The art: Will Sliney shows that Han and Beckett are in trouble with the first panel of the book showing Enfys and her crew starting down the pair. Notice how Sliney shows in the same panel that Han is ready to rumble by including in the foreground his hand ready next to his holster. Beckett’s a cool cucumber on the page, with his chin up and his lips pursed at Han’s interruption. Han’s reaction to the Falcon’s flying off is funny. The reveal of Enfys Nest’s face at the bottom of Page 2 is good and resembles actress Erin Kellyman. Though only three panels, it is neat to see the mercenaries’ actions. The first two panels on Page 4 are good compliments to the text, with Sliney increasing the tone of the dialogue with a change in imagery. Pages 5 and 6 have the point of view nicely move about as two characters have a conversation. I like how the scene ends as it begins, but with the characters apart. Dryden Vos’s eyes have the same intense stare that actor Paul Bettany had in the film. The scene aboard Vos’s yacht begins as a long dialogue in a fairly close quarters, which is not an artist’s dream to illustrate, I’m sure, but Sliney moves around the characters well, using close-ups and gestures to provide some clear tension. When things go south for the heroes, Sliney tilts a panel forty-five degrees at the end of Page 10 — a very cool way to show how everything one knows is about to become askew. Han’s reaction to his reveal on 11 in the third panel is good and I love Vos in the background in the fourth panel, just watching what’s occurring. The emotion in the fourth panel on 13 is excellent and the reveal in the panel that follows increases it immensely. I love the character in the final panel on 14. The close-up on faces on 15 is outstanding; also keeping backgrounds out of these panels increases the tension on each face. Action is very fluid on 17 with a series of panels showing characters running and leaping. The first panel on 19 has the character on the right sporting a marvelously evil smile. Mr. Sliney needs to be drawing Star Wars comics forever. Overall grade: A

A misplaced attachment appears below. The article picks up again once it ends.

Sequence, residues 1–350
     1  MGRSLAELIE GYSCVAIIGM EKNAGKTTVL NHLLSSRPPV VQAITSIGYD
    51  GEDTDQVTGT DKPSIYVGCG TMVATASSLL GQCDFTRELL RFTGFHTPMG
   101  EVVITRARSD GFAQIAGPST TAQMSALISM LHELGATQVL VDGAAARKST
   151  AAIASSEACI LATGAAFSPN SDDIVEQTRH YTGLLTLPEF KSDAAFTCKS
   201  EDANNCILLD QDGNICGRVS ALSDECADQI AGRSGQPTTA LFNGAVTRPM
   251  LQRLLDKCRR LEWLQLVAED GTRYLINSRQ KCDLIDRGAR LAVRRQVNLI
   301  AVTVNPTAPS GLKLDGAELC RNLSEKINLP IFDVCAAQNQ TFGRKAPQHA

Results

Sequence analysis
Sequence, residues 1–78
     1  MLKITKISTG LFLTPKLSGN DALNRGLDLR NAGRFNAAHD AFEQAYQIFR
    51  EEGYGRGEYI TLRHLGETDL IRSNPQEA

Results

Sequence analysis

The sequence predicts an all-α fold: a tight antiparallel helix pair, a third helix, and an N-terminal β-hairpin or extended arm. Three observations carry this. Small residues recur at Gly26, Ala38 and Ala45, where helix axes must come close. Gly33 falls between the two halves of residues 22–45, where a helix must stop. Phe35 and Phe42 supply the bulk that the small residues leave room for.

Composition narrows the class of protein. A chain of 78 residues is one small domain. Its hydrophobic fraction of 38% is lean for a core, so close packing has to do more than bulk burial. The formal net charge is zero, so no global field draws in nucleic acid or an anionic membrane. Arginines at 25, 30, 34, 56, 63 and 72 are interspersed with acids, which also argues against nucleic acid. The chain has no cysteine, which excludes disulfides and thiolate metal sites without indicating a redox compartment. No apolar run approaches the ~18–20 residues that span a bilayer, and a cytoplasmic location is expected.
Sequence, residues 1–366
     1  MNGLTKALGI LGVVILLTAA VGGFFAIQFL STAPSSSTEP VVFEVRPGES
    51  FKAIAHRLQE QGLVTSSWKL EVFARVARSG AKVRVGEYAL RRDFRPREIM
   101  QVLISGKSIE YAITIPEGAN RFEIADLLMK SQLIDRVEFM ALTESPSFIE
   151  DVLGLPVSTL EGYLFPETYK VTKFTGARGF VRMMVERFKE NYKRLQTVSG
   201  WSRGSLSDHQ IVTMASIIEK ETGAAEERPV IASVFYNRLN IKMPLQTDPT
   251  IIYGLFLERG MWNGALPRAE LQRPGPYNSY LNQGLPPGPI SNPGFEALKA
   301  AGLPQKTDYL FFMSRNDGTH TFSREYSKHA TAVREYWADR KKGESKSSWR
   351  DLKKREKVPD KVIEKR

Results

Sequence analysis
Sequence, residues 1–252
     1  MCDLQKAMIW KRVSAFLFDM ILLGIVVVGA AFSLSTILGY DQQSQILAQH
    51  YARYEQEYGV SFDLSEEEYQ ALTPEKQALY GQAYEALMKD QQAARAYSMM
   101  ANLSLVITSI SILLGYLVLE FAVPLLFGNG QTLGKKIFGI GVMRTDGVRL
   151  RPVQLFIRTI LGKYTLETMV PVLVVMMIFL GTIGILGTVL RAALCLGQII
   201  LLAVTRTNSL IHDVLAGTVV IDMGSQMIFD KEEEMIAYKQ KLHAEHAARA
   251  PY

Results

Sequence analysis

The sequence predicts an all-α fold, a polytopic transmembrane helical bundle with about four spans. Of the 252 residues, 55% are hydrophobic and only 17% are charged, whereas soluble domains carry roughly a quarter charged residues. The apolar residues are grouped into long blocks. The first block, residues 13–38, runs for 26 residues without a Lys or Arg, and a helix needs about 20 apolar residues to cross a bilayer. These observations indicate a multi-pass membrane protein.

The colors: The planet Savareen is full of tans, as are its inhabitants and structures, so colorists Andres Mossa and Stefani Rennee give it a beautiful blue sky and equally lovely waters when the ocean is shown to mix things up. Scene settings and sounds are given bold colors at this locale to make them pop against the light browns. Dryden’s quarters on his ship are very tan and bronze, giving the location a 1920’s metropolitan flavor. This allows the gangster’s scars to really stick out with their red gashes and his steely blue eyes to draw focus. The colors get much darker with the reveal on 11, adding to the gloomy tone this character’s change has created. Golds, yellows, and browns dominate the final pages as the setting had these colors in the film as well. Vos’s crimson blades stand out whenever they appear, reminding the reader of how deadly they are. Overall grade: A